In this region in particular the uncertainty that has arisen from the recent decision in the British Referendum on Membership of the European Union is causing difficulty, even at this early stage, for many businesses particularly those that are focused on exports to Northern Ireland and Britain.
We are now in unchartered territory and this is going to present substantial challenges for the entire island of Ireland. The ramifications of this result are numerous and cannot be easily quantified at this stage.
Ireland must act decisively and we have to ensure that our concerns and our interests are at the heart of the negotiations between Britain and the EU.
We cannot state often enough that we have a unique relationship with Great Britain. The Referendum results mean that we will share a land border with a non EU member state, a land border right across our island. This special circumstance must be recognised in the negotiations.
Our planning in relation to the negotiating process must be comprehensive – it has to be well thought out and very detailed. Literally no stone can be left unturned in this respect. There is no room for complacency.
In this debate we must also outline clearly that we are committed to the European project and the European Union. We must make BREXIT the absolute priority in our public business, across Government, across the political system and across the public service.
Reform is needed within the EU so that it lives up to the principles upon which it was founded. The EU has in recent years struggled to articulate a positive relevance in the minds of its citizens. A renewal of the European vision is badly needed. The culture of a distant centralism has contributed to the disconnect between the EU institutions and its citizens.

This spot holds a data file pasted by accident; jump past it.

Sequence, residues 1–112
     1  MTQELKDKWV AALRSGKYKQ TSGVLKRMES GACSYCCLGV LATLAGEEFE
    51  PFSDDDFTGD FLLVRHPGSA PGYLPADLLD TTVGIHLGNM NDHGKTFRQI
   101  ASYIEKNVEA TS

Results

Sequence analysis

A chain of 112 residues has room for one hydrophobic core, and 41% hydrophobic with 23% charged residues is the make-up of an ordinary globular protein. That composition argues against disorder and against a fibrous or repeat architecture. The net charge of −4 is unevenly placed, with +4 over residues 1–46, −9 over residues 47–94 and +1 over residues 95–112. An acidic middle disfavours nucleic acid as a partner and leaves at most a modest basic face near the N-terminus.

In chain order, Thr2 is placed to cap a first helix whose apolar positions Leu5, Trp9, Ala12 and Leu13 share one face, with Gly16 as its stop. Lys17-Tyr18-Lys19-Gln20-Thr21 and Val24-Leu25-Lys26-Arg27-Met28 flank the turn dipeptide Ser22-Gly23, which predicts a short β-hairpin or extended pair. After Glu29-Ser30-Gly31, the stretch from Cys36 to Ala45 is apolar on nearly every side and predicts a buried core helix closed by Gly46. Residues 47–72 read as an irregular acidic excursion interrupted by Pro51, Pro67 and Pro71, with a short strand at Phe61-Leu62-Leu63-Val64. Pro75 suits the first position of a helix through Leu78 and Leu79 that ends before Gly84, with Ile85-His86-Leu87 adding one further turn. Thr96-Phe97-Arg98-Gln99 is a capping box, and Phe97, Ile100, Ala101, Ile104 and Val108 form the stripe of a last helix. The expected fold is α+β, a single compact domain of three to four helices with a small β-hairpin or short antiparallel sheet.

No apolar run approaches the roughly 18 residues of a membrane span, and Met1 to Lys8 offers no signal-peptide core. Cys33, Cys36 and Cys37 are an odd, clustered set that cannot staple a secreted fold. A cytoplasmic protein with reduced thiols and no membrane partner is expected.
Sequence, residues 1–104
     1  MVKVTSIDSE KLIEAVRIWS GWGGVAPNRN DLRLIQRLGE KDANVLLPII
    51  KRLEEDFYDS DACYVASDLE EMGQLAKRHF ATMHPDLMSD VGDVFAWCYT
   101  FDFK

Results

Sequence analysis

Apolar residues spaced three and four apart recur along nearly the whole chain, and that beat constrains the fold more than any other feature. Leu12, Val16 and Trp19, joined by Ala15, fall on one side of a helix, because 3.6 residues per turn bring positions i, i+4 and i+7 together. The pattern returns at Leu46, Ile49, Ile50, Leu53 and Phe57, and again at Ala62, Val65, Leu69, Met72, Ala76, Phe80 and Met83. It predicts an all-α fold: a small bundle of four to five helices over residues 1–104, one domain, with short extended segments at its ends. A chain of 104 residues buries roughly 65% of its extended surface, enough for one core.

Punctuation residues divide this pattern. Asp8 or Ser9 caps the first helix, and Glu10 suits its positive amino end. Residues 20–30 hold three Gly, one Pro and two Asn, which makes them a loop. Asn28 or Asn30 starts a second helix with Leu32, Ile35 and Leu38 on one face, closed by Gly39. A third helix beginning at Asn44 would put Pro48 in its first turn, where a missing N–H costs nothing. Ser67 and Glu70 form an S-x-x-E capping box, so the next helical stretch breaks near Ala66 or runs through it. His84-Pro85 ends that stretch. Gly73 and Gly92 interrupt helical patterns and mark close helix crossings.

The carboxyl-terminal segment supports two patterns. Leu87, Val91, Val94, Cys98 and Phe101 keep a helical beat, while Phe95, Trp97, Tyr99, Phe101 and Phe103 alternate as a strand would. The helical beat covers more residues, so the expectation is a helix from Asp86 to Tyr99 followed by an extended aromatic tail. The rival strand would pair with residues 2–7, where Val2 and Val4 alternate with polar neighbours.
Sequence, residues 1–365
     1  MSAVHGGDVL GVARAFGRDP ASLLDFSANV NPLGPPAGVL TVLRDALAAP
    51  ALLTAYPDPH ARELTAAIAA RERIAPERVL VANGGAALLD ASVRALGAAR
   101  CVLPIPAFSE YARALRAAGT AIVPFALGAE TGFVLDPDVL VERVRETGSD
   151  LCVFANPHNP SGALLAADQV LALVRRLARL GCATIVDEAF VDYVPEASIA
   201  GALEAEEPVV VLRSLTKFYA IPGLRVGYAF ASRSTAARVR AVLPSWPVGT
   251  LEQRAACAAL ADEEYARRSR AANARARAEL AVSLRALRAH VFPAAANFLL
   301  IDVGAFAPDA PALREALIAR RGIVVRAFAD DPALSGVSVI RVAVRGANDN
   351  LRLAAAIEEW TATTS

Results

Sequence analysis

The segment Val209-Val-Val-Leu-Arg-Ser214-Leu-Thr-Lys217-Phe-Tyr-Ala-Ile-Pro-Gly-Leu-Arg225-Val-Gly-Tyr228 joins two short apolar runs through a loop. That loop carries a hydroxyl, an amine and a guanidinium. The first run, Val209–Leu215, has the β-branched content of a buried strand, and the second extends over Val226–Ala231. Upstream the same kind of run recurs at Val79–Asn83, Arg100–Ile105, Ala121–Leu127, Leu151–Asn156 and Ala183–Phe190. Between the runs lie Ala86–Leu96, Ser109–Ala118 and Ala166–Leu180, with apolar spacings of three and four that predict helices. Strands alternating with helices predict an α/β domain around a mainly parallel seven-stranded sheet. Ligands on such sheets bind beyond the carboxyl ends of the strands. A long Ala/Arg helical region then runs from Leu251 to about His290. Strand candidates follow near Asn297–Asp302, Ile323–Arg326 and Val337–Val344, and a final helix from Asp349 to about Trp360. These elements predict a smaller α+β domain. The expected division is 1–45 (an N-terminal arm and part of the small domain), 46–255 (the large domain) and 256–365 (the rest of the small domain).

In May 1998 the overwhelming majority of the people on this island, both North and South, voted to adopt The Good Friday Agreement. That is an international agreement lodged in the United Nations and the co-guarantors of the Agreement are the Irish and British Governments. Arising from that Agreement we had substantial progress in the development of all Ireland bodies such as Intertrade Ireland, the North South Language Body, Safe Food, Special EU Programmes Body, Waterways Ireland and Tourism Ireland. The establishment of those bodies allowed both administrations to work together in the best interests of the relevant sectors.
Over the years I would have argued along with many others that we needed to create additional bodies working on an All Ireland basis. Enterprise Ireland, IDA Ireland and Northern Ireland Invest should have a greater synergy in their workings, similarly Bord Bia and its counterpart in Northern Ireland should have more and more joint trade missions. Let us remember that as an island in excess of 6 million in population that we are a small destination.
When a company or a State Organisation from North or South are doing their marketing in distant Asia the question does not arise whether you are from North or South of the border.
The British decision to leave the EU will have implications for Peace Funding which has been vital in supporting the Peace process and the Peace process has been of benefit to every individual throughout all of this island.
The Peace Programme established in the early 1990’s is unique among the whole of Europe and was created out of the European Union’s desire to build on the opportunities presented by the cease fires of 1994 and 1995. Since then it has committed approximately €2.26 billion in funds to Northern Ireland and the border region of which approx. €1.96 billion has come directly from the EU.
The Peace Funding has been vital in funding the Peace process and has had a very positive impact on communities both north and south of the border. This vital source of funding is now in doubt.